One of the new features of Flippy 2 is a brand new AutoBin™ system for smaller quantities and specialty foods such as onion rings or chicken breast.
Each bin can hold as much as a full bin basket, can be adapted to the specific needs of a kitchen and can be delimited for individual products such as vegetables and fish to avoid cross-contamination.
Once the product is placed in the container, artificial intelligence kicks in to automatically identify the food, cook it in the correct basket and place it in a storage area.
This reduces the amount of overall human-food contact, according to Miso, and reduces potential oil drips and burns from lifting moving baskets.
Flippy 2 can only work without human intervention in the middle of the process.
One of the new features on Flippy 2 is a brand new AutoBin™ system for reduced bulk and specialty foods such as onion rings or chicken breast
Each bin can hold as much as a full bin basket, can be adapted to the specific needs of a kitchen and can be delimited for individual products such as vegetables and fish to avoid cross-contamination
“This makes the system faster and increases throughput by 30% — or about 60 baskets per hour — which is more than what’s needed in high-volume restaurants.”
“Like all technologies, Flippy 2 has evolved significantly from its predecessor, and we are extremely grateful for the insights White Castle has gathered to really advance its development in a real restaurant environment,” said Mike Bell, CEO of Miso Robotics. .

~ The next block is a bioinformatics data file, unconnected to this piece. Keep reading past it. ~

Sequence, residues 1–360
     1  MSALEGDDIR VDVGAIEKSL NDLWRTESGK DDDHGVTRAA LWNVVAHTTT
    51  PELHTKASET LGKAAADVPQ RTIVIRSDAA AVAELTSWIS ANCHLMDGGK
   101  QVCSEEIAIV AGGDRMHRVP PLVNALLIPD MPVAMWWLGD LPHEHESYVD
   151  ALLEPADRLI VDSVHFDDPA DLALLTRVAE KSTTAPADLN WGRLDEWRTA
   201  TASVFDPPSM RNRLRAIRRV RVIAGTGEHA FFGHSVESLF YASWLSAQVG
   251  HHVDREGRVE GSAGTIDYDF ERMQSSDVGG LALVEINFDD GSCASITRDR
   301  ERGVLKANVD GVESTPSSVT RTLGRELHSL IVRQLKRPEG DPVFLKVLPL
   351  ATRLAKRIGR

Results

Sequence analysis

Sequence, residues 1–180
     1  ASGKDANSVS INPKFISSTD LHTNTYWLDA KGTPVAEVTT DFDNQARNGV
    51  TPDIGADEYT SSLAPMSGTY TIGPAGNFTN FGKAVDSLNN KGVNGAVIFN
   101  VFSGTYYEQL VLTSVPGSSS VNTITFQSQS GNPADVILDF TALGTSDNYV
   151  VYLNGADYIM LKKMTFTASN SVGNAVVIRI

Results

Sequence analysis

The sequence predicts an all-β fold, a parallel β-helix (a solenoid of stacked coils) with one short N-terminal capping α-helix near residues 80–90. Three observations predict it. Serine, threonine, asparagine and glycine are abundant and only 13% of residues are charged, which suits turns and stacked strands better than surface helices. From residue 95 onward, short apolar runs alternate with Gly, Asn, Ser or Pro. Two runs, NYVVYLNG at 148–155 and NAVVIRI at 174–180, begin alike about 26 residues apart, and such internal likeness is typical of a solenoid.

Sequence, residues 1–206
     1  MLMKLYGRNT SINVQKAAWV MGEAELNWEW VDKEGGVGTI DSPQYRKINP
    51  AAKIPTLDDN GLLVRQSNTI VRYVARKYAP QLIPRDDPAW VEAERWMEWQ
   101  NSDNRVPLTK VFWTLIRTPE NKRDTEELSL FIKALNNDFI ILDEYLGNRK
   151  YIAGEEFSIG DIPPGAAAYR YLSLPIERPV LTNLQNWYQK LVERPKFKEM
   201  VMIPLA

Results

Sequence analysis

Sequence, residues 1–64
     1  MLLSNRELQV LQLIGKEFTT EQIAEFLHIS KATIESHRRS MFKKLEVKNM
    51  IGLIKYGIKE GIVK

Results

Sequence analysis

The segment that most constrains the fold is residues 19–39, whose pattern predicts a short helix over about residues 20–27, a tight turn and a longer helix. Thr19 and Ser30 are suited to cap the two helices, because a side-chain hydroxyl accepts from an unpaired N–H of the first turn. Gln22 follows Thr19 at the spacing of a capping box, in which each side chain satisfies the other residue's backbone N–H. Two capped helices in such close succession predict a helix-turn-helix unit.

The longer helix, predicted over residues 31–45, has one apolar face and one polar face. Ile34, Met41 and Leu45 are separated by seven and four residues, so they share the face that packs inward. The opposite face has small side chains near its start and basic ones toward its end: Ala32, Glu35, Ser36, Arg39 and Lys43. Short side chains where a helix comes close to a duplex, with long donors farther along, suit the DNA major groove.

Flippy 2 takes up less space in the kitchen and increases production exponentially with its new options for filling, emptying and returning baskets.
“Since Flippy’s inception, our goal has always been to provide a customizable solution that can function harmoniously in any kitchen and without interruptions.
“Flippy 2 has more than 120 configurations built into its technology and is the only robotic baking station currently being produced to scale.”
In addition to White Castle, Miso Robotics has several other pilot agreements with leading national brands, including the recently announced partnership with Inspire Brands.
Restaurants turn to ROBOTS to tackle labor shortage: Delivery bots big enough to carry four pizzas appear on US college campuses in Virginia and Ohio
Companies are increasingly turning to robots to deliver food across the country as consumers demand faster access to goods despite the global labor shortage.
Companies such as Starship Technologies and Russian robot maker Yandex have partnered with a number of colleges in the US, UK and elsewhere to deliver goods as demand for contactless delivery skyrockets.
These robots, of which there are hundreds, can hold four pizzas at a time and navigate college campuses like those at Ohio State University and even city sidewalks, taking advantage of advances in machine learning and artificial intelligence.
While robots were tested in limited numbers before the coronavirus hit, the companies building them say, pandemic-related labor shortages and a growing preference for contactless delivery have accelerated their deployment.
“We saw the demand for robotic use soar through the ceiling,” Alastair Westgarth, the CEO of Starship Technologies, which recently completed its 2 millionth delivery, said in an interview with Associated Press.